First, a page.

Relocation can reduce transport costs

Factory in Shenzhen (file image courtesy of Chris / CC BY 2.0)

Posted on July 15, 2022 at 9:33 PM by

The Maritime Executive

Following the indiscriminate shutdowns of major manufacturing hubs in China, most Western companies are looking at relocation and other alternative sourcing options. Reliable supply chains are now a top priority, despite the cheap labor that once drove many manufacturers to prefer China.


Unfortunately, however, some consumer industries find the barriers associated with leaving China insurmountable.


Inter Parfums, the New York-based global perfume and cosmetics maker, recently resolved to leave China. When Shanghai was locked down two months ago, millions of dollars worth of designer perfumes and cologne stored in warehouses became inaccessible. As a result, Inter Parfums lost significant sales during the period.


“How good is it to have cheaper components when you can’t get them? For a consumer products company like ours, you need to have super supply stability,” Jean Madar, founder and president of Inter Parfums, told The Wall Street Journal.


But to manufacture a perfume bottle, a company like Inter Parfums needs 15 to 25 separate glass, plastic and metal components, most of which are historically sourced in China. Thus, building a full US-based supply base remains elusive in the near future.


A country wanting a key manufacturer to relocate production should also support its suppliers, who may also need to relocate for the supply chain to function properly. This regulatory headache is unresolved in many countries and remains uncontrollable for companies wishing to relocate.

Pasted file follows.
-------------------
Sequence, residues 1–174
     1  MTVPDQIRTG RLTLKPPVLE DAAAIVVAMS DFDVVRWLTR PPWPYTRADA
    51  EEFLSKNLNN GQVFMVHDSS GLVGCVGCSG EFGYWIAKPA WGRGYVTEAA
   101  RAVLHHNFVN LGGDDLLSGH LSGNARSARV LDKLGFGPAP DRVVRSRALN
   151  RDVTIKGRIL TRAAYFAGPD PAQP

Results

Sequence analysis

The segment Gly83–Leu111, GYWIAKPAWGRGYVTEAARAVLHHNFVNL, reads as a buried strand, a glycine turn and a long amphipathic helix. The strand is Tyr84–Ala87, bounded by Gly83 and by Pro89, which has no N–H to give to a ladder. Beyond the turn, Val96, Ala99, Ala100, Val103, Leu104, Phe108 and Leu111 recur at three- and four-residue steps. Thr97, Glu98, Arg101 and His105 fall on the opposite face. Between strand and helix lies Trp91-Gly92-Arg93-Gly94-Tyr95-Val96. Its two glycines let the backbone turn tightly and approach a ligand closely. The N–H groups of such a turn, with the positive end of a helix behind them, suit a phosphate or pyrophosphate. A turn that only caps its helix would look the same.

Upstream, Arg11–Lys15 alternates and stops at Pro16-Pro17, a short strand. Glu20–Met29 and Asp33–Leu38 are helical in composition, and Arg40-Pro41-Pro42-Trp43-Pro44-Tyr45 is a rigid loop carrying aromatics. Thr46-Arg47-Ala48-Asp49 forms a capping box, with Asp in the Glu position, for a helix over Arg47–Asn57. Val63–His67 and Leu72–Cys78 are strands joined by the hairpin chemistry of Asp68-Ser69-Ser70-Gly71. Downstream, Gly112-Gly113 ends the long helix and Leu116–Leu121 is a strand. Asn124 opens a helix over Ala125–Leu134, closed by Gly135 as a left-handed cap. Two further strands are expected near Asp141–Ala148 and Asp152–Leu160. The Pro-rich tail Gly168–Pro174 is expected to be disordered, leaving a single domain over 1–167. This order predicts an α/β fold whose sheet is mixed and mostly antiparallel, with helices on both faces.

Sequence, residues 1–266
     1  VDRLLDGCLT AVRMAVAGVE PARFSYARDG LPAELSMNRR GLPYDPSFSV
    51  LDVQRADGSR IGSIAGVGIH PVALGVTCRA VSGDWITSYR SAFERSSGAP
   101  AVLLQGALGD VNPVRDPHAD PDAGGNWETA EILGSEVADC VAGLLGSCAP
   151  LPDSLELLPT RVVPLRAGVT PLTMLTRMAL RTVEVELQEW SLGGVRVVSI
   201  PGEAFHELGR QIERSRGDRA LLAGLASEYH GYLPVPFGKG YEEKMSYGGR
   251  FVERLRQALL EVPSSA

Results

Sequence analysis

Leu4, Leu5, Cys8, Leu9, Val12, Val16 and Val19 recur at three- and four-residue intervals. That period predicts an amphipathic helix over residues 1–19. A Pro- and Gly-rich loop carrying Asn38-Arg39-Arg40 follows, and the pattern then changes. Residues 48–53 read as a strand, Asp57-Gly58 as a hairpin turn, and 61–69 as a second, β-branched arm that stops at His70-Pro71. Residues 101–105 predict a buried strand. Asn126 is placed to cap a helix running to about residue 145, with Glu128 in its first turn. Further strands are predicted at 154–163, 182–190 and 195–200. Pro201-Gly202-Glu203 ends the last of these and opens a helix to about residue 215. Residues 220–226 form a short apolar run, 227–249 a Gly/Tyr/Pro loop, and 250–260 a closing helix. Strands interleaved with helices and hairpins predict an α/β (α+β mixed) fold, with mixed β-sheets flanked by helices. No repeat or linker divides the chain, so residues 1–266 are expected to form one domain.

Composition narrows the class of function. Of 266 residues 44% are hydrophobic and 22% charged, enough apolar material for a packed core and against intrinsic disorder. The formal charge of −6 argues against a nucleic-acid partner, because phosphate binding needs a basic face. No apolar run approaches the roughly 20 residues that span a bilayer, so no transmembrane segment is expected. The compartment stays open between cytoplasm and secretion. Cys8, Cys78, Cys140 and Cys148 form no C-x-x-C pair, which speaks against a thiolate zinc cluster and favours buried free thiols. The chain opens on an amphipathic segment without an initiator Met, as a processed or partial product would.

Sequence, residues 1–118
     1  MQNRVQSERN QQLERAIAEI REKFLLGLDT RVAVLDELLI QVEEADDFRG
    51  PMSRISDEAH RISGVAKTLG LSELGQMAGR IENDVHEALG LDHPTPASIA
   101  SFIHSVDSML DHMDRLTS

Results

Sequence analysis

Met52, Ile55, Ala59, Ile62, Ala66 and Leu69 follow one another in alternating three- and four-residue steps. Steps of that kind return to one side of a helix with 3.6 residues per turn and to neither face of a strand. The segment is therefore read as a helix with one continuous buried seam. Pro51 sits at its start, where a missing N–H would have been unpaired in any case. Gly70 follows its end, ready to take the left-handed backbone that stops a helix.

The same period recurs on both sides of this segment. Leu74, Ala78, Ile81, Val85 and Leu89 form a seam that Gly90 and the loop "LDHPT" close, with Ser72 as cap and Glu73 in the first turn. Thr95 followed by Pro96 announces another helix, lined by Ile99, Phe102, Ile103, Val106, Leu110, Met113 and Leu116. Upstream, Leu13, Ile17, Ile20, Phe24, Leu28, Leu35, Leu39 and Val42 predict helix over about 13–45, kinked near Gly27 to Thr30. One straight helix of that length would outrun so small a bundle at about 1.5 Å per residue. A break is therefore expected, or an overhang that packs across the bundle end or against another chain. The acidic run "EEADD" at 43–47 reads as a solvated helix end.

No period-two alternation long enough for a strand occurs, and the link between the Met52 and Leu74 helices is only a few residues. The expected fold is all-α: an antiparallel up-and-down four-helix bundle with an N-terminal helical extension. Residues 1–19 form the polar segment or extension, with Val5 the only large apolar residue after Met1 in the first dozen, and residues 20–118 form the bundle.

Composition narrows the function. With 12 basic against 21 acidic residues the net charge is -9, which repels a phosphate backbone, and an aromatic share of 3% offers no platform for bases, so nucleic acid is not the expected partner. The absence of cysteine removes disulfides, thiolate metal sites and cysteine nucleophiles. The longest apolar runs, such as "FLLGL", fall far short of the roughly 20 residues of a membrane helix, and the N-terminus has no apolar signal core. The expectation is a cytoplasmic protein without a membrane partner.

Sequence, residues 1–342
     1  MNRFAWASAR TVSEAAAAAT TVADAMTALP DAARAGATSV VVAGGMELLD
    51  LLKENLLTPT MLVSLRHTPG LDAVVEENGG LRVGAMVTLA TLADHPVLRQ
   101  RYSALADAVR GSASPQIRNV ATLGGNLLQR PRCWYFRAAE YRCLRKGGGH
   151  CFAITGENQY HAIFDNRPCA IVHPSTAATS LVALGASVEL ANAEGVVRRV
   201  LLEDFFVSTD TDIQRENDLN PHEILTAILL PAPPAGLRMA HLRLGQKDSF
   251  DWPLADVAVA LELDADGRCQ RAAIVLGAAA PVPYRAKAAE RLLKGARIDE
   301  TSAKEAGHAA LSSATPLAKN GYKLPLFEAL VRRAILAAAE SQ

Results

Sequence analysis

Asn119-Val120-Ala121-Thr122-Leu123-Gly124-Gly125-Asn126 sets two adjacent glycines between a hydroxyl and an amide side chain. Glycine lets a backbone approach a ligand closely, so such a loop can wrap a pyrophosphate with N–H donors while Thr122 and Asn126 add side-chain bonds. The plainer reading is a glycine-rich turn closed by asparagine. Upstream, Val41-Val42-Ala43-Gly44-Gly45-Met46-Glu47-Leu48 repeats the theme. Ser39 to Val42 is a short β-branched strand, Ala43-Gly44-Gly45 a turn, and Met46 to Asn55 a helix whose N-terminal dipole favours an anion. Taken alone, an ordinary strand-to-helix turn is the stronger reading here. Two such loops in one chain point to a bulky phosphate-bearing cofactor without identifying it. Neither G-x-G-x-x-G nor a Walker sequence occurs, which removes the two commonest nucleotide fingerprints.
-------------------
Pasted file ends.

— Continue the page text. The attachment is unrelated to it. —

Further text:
Between March and April, McKinsey surveyed supply chain executives, and 20% said they had moved some production to a neighboring country in the past year. What was evident however, is that there are still multiple limitations and barriers to relocation. Therefore, companies with narrow profit margins may find it risky to bet against China. Economic choice will always reign supreme.


For example, Intel intends to move its chip manufacturing to the United States. However, last month he announced the indefinite postponement of a groundbreaking ceremony for a multi-billion chip factory in Ohio. Intel cited frustration over uncertainty in Congress over the passage of the bipartisan Innovation Act, needed to sustain the U.S. chipmaking industry.


Peloton, the US exercise equipment and media company, has also scrapped plans for a $400 million factory in Ohio. According to Peloton, uprooting its China-based factories and supply chains is more difficult in practice.


Other obvious barriers to changing supply chains, especially for US-based companies, are the high cost of labor and real estate. Additionally, the varied regulatory environment between different states can prove challenging for manufacturers wanting to have all of their suppliers based in the United States, according to Daniel Swan, manufacturing and supply chain expert at Mckinsey.


Top image: Shenzhen factory (file image courtesy of Chris / CC BY 2.0)